MUSIC BY JERRY BOCK, LYRICS BY SHELDON HARNICK, BOOK BY JOSEPH STEIN, DIRECTED BY SAMMY DALLAS BAYES
PROCTORS, THROUGH JAN. 9
When Fiddler on the Roof opened on Broadway in 1964, musical theater was still supplying songs to the pop-music market. You couldn’t pass a radio without hearing it erupt into one of the show’s hit numbers. One of the last of the glory-days-of-Broadway musicals, it also featured choreography by Jerome Robbins that was a unique kinetic complement to the show’s Chagall-inspired look. All of this, plus Zero Mostel, gave Fiddler a then-unprecedented years-long run and four Broadway revivals.
In the original production, the role of Yitzuk was played by Sammy Dallas Bayes, who was tapped by Robbins to preserve the choreography of the show. He did so for the 1990 revival, as well as productions around the world. He’s even in the film version, as one of the Russian dancers. (More locally, he has directed many shows at Oneonta’s Orpheus Theatre.)
The current tour, playing through Sunday on the mainstage at Proctors Theatre, reminds us of the power of Robbins’ work in the bottle dance that climaxes the wedding scene. It’s a mixture of skilled movement, a beautiful stage picture and a good measure of surprise.
The young dancers put joy and precision into their work, characteristics that weren’t as focused in many other numbers. It’s one of the problems of challenging a non-Equity cast with work that requires considerable experience and enough individual talent to buoy the ensemble to the most extreme exuberance they can muster.
Which is why, I’m guessing, that John Preece’s characterization of Tevye seemed unusually muted. You can only go as far as the ensemble’s strengths allow. Preece has a considerable pedigree, with more than 3,000 performances of the show under his belt, half of them in the leading role, and he played it with a fine regard for the material, skillfully earning his laughs without overplaying, yet somewhat subdued at moments when he should roar.
Among other individual performers, Laren Nedelman and Andrew Boza, as Tzeitel and Motel respectively, gave a powerfully energetic performance of “Miracle of Miracles,” with the no-holds-barred energy lacking in “Matchmaker, Matchmaker.”
When the cast assembled to sing the anthemic “Sunrise, Sunset,” however, the voices blended so beautifully that the power of the number came through, effectively sentimental without seeming forced.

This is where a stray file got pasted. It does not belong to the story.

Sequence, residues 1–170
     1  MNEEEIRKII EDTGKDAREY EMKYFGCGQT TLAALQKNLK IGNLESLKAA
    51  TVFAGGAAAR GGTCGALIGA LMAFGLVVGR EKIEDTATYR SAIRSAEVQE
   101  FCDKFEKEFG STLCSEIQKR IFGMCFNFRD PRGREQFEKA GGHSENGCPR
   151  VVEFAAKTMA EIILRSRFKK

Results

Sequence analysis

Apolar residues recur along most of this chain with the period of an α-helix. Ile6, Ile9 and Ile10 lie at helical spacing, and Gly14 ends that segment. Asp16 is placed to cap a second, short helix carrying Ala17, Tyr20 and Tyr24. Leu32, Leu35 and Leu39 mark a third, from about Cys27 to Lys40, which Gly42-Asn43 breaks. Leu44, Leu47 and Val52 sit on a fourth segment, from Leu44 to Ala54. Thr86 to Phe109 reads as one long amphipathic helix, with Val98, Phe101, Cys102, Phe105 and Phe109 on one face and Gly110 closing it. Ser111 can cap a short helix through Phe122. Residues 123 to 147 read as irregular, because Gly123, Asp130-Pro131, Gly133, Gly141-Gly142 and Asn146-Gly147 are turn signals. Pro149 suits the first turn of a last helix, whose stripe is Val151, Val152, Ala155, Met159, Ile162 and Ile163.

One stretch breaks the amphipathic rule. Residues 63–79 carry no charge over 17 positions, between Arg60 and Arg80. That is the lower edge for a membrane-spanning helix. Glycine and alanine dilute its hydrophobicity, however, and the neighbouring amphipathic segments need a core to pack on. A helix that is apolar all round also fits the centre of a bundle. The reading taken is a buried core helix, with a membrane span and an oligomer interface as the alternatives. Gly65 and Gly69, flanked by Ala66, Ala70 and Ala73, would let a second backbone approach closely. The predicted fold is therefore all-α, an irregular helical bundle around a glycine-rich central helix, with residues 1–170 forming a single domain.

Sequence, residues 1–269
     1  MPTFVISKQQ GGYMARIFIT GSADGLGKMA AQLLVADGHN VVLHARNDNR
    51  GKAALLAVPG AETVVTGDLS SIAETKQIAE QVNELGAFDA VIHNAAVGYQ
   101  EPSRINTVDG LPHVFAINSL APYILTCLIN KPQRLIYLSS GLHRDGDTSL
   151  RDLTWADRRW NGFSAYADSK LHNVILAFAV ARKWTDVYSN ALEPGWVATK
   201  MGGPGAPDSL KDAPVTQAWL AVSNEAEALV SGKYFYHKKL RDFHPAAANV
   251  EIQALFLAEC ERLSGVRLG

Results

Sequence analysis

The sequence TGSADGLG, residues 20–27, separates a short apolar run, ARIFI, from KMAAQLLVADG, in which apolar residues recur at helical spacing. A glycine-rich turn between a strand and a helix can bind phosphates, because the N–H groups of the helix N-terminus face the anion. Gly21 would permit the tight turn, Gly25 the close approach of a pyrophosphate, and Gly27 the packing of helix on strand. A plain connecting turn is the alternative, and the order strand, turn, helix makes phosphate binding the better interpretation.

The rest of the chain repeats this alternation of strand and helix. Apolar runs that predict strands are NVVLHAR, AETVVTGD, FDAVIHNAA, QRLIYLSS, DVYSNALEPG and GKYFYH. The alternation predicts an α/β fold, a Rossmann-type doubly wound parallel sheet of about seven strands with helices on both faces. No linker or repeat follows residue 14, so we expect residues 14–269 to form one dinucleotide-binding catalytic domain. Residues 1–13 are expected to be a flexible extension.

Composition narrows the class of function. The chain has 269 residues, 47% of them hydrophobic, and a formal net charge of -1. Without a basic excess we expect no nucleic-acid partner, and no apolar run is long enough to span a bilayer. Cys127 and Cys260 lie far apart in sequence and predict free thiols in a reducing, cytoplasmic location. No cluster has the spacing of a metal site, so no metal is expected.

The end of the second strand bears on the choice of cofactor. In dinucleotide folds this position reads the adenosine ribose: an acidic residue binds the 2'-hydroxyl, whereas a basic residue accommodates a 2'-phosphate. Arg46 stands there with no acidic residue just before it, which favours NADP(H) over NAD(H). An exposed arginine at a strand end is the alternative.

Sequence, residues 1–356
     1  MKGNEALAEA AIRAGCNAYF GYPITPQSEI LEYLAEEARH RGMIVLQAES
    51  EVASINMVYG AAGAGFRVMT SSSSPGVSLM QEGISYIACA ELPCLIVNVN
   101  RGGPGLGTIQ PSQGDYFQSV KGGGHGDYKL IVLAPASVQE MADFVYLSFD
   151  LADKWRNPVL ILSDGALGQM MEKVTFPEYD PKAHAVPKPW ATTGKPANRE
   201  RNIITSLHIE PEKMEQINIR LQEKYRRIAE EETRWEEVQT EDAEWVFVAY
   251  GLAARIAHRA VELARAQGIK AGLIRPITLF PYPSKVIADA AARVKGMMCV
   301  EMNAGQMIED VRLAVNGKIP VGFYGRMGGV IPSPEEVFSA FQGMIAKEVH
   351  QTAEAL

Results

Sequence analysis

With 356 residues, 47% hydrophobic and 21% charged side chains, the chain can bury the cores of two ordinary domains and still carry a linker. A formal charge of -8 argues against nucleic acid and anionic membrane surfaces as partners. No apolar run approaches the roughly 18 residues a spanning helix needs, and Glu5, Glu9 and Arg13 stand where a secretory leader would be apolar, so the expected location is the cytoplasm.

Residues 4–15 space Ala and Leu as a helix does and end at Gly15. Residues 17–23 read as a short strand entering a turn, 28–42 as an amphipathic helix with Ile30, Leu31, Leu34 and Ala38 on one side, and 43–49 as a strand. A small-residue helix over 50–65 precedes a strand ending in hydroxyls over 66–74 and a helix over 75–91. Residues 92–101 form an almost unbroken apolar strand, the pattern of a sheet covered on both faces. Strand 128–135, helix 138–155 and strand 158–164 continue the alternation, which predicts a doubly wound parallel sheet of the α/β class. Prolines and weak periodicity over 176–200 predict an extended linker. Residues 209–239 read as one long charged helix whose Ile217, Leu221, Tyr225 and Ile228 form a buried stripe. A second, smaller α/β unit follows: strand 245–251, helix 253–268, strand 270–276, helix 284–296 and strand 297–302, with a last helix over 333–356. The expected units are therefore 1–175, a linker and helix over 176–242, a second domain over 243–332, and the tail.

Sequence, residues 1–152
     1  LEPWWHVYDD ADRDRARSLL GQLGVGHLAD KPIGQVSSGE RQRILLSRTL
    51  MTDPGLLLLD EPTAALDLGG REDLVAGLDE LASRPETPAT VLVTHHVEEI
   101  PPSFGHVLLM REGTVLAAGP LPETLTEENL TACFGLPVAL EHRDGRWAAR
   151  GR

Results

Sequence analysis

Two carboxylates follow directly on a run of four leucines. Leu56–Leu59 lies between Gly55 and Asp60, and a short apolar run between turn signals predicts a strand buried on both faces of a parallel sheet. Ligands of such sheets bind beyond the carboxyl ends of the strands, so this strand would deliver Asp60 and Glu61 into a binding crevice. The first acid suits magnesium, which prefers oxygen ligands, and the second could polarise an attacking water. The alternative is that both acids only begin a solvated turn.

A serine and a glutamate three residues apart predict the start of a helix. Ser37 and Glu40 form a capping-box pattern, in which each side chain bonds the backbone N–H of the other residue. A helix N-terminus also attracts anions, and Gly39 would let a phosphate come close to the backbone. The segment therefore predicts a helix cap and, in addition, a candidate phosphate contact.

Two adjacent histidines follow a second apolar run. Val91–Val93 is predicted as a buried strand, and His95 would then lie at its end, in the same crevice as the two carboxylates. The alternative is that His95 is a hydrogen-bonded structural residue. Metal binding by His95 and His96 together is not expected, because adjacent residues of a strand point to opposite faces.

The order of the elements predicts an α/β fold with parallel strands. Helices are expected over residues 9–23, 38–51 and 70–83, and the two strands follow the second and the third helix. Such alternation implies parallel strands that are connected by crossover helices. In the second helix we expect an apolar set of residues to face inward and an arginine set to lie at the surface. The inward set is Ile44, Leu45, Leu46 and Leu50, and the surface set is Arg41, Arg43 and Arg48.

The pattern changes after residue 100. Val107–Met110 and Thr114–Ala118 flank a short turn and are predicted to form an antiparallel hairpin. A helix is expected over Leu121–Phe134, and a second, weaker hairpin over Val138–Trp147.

It’s the start of a sequence that culminates in a pogrom—this is czarist Russia, 1905, after all—performed under the authority of a constable (Bob Pritchard) who wrestles with his longtime friendship with Tevye. But Pritchard lacked the gravitas to inspire the expected fear, and the cursory upsetting of a few tables and chairs threatened to seem comical, which doesn’t make for much of a first-act curtain.
With the strong actor Frank Calamaro as butcher Lazar Wolf, the scene with Tevye that culminates in the song “To Life” played delightfully. Tevye’s wife, Golde, has to work against a larger-than-life character, and Nancy Evans played the role with a convincing sense of calm, never succumbing to the shrillness that’s a too-often-realized temptation.
Less convincing was Birdie Newman Katz as Yente, who squandered an end-of-show monologue with a cursory delivery. This is a show so burnished by the craftsmanship of its writing that every line counts, and needs to be honored as such.
David Andrews Rogers led the tiny instrumental ensemble, who did well. But don’t you miss the glorious sound of even a few strings and brass?
The above caviling notwithstanding, this was an enjoyable three hours—but what would be an outstanding example of community theater wasn’t the Broadway-quality experience Proctors promises. You take potluck even on Broadway, of course, but the bar has long been raised to a significant height.